The theme is an important thing to decide early on when organising a larger event. Professional conferences will often have a specific topic or message to focus on. The largest themed events I’ve been to are of a more casual nature – the International (UK based) and Irish Discworld Conventions. The Conventions follow a fairly standard format where there will be an opening event, a closing event, and lots of fun stuff in between, including interviews, games, panels and a big posh dinner (if you want to know more, I recommend looking at www.dwcon.org and www.idwcon.org). Once you have a theme, it starts inspiring the type of games/panels/programme items you organise. It doesn’t limit what you can do, as not everything needs to be related to the theme, but it sparks your imagination about what you could do, and can tie different events together.
For example, for the 2010 UK Convention The Theme of the Thing was around the Discworld novel The Fifth Elephant – about dwarves, politics in Überwald and the crowning of a new Low King (among other things). That meant that during the event, we held ‘elections’, people ran around ‘campaigning’ and the posh dinner was connected to the coronation ceremony. It added an extra layer of fun. We’d have been happy just going to the Convention, seeing some interviews and chatting around Discworld as a whole, which we did. But we also took part in the Crowning of the Low King – and that helped make the weekend even more special. This year, since the railway has come to Ankh Morpork, they’ve gone Steampunk, which is a whole new avenue for some fans, and a long-awaited opportunity for others.
The most recent Irish Convention took a real world event and mixed it with Discworld for the theme. Ireland’s tourist board was encouraging people to come home from abroad, and calling 2013 the year of ‘The Gathering’. It was a good campaign; the Convention organisers tied it in with the area of Discworld famed for exporting Wizards, Lancre. The Lancre Gathering was great fun, it combined the real world message of ‘come to Ireland’ with Lancre and its witches and feudal nature. It made for a fantastic Convention.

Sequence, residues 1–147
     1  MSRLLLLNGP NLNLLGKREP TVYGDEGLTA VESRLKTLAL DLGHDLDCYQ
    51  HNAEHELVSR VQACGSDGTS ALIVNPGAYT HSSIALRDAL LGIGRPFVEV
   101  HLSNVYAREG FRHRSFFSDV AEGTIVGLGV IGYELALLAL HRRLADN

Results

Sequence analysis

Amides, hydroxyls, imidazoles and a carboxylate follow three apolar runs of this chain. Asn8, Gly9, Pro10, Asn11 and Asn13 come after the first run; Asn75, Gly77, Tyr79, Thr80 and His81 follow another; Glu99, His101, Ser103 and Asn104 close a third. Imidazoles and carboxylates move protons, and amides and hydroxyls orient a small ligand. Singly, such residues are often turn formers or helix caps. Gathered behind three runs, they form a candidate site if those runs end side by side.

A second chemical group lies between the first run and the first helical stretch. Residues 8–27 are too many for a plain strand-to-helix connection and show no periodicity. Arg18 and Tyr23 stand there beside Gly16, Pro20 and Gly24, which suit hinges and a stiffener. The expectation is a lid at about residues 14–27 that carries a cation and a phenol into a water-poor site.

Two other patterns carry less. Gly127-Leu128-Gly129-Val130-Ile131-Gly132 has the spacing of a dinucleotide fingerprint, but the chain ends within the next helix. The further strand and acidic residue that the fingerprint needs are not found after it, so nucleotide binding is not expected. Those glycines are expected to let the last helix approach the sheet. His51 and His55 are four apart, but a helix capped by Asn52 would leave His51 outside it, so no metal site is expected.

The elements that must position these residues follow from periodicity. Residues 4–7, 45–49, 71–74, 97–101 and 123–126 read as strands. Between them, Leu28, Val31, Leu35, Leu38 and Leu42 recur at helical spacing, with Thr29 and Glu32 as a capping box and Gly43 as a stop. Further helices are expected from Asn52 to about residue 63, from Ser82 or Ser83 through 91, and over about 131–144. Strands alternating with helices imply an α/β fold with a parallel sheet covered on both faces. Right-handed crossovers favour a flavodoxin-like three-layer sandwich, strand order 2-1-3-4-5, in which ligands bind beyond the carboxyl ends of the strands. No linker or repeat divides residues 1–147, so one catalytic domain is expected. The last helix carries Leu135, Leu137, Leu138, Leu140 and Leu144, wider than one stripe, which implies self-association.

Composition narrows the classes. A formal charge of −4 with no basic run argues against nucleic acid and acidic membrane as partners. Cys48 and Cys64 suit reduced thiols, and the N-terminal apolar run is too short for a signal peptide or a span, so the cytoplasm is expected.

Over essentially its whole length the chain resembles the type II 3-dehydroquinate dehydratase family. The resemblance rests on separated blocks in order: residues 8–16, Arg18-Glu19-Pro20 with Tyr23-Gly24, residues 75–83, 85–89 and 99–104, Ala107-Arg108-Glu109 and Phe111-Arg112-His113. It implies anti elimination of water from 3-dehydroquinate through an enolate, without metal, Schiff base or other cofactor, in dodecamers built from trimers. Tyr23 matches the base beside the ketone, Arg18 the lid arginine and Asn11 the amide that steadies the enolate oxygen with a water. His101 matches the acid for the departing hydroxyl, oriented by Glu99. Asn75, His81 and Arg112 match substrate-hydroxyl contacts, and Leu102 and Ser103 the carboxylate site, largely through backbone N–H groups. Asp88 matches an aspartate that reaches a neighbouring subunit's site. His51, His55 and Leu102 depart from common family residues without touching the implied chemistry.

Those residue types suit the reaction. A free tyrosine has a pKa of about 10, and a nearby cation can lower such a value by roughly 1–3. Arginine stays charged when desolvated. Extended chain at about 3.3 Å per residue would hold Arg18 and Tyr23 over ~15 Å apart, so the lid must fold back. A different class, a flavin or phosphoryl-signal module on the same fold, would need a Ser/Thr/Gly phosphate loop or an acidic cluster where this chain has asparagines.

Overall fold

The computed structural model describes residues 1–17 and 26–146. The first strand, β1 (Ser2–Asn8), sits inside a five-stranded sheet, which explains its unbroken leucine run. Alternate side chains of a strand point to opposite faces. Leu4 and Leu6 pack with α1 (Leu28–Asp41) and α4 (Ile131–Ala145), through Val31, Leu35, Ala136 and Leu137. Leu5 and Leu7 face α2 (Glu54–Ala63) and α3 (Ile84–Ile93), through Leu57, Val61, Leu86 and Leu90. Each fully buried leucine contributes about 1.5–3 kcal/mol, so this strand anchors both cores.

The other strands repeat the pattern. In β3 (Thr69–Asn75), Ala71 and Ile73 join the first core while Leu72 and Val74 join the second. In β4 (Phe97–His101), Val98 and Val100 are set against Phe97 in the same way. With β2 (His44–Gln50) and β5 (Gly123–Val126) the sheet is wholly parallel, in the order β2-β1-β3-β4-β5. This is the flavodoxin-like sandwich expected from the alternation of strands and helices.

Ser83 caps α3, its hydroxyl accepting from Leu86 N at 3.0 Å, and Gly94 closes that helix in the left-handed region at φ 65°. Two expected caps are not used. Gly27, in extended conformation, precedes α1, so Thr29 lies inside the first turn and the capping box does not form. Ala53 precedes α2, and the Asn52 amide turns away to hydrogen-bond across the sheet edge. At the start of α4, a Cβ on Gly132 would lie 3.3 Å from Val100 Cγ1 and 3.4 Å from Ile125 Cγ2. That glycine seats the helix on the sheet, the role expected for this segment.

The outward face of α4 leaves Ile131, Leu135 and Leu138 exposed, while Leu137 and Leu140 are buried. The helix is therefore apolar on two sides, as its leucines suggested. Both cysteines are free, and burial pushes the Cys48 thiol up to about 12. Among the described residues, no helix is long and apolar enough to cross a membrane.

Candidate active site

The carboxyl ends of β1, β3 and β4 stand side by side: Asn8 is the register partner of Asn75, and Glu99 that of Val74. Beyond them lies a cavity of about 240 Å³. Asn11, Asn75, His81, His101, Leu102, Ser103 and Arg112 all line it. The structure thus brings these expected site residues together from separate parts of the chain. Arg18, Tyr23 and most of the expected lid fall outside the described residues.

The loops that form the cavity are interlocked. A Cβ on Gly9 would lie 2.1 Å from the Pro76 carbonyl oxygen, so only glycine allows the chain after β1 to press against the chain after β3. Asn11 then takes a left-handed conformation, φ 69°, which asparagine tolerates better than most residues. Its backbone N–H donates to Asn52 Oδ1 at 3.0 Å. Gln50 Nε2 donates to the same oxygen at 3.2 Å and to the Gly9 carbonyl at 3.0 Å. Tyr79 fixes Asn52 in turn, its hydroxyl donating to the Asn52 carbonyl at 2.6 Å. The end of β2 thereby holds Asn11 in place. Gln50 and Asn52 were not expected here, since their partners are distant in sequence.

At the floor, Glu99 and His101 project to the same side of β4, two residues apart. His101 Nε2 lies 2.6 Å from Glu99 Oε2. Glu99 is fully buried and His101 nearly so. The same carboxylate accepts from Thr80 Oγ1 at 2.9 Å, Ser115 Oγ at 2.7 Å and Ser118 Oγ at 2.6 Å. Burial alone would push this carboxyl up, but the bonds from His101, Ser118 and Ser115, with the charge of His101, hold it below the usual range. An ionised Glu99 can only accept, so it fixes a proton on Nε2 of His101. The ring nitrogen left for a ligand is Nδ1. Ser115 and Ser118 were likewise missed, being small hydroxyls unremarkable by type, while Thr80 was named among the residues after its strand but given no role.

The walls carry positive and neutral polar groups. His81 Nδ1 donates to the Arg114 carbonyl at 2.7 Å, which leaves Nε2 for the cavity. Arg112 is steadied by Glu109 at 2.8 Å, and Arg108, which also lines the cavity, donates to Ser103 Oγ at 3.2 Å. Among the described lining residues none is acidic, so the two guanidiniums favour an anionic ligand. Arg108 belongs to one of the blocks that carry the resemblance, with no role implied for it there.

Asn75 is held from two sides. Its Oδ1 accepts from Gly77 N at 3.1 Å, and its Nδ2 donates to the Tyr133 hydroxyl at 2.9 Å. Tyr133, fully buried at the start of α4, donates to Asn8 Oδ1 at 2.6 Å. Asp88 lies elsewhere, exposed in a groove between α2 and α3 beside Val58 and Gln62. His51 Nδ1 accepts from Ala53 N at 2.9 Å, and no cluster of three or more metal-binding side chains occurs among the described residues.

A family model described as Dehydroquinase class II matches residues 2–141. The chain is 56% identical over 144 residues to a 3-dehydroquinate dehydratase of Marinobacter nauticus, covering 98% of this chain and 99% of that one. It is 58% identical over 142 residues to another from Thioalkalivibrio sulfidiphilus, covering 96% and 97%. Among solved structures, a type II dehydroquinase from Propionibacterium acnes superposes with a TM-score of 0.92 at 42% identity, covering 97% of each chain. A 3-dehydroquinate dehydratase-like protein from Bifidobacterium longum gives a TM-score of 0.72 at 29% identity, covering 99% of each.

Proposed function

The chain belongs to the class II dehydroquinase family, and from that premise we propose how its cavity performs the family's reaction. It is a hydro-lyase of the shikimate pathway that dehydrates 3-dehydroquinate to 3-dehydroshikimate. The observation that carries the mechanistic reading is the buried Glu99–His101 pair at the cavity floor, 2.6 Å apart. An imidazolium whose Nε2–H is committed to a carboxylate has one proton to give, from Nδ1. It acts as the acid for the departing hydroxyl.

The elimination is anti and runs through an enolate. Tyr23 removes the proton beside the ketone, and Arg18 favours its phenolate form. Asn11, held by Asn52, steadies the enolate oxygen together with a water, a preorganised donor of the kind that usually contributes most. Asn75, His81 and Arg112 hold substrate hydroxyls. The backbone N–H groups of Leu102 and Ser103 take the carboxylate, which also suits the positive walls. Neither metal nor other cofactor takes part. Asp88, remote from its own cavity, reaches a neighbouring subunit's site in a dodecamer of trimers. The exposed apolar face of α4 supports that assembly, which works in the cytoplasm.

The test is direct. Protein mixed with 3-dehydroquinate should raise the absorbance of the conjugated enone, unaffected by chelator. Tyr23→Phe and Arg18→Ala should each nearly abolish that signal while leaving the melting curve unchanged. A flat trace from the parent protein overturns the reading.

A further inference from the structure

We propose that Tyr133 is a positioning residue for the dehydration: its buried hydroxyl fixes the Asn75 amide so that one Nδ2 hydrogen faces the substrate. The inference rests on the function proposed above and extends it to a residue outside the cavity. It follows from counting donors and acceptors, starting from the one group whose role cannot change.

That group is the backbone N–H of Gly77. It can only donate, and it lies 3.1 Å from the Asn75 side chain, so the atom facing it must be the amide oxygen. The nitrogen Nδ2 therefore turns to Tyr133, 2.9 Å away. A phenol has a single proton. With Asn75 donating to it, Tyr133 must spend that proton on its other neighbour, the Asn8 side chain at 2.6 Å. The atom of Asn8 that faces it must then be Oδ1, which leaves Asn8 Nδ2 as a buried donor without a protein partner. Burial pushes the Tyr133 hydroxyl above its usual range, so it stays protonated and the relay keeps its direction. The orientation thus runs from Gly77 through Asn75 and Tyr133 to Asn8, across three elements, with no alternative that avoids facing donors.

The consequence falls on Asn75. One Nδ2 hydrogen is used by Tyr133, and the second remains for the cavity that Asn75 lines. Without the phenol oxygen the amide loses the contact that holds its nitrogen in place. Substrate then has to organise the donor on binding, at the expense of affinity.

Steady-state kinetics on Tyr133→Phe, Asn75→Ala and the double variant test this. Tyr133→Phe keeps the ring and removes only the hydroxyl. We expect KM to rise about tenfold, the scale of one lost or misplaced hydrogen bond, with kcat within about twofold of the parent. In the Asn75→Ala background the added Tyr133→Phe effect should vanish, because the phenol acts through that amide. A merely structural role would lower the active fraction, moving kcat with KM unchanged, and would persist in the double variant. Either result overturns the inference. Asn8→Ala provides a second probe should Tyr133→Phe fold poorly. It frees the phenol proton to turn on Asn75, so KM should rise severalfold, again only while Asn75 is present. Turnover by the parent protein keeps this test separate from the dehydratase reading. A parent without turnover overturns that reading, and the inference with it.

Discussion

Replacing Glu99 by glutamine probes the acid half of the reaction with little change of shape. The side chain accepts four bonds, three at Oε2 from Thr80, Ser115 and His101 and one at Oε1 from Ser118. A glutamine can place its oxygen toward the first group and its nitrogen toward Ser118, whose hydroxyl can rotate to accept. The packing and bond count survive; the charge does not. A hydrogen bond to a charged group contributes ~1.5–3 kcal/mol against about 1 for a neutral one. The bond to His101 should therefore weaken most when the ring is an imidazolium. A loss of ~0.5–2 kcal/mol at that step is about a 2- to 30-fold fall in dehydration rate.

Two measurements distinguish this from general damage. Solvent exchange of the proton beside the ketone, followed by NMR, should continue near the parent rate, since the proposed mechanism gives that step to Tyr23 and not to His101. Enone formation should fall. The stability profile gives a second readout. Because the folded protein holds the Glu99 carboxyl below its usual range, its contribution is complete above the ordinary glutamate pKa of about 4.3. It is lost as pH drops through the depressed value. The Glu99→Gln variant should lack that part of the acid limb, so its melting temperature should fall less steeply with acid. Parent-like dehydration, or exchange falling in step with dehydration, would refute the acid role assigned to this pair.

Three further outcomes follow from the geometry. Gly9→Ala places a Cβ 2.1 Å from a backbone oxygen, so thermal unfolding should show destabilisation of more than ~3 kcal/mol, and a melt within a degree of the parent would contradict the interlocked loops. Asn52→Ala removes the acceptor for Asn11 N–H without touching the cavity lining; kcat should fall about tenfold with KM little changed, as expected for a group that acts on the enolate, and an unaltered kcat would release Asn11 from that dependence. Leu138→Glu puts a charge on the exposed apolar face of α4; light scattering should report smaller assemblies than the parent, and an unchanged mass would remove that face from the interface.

For 2015, the Irish Con theme (only recently officially announced on www.idwcon.org) is the Watch. For anyone who is a Discworld fan, and especially a fan of Sam Vimes and company, this is immediate cause for excitement. And joy. And makes life on the planning side easier, because I have a committee full of creative and dedicated people who have a focus through which to channel their energies. The Watch brings the possibilities of police induction, training: of dragons and people in armour, of Clint Eastwood-esque puns and all sorts of things. For the people who aren’t much into themes, it’ll still be a weekend of general Pratchett related revelry. We’re conscious of keeping the balance between ‘this is an amazing theme, what else can we do with it?’ and ‘this is an amazing Convention overall and we want to encourage both the fanatics and the casual fans’.
So my advice to you if you’re planning an event, large or small, personal or professional, is to theme it. It can be something as simple and broad as a colour scheme, or something as specific as a film or book. The best advice is take something you, as the organiser, adore, and see if you can broaden it to the point that even friends who aren’t fans can get something out of it. After all, these parties and events are just an excuse for people to have face time with other people, and the theme should be something to aid that, not hinder it. Make your gathering something special!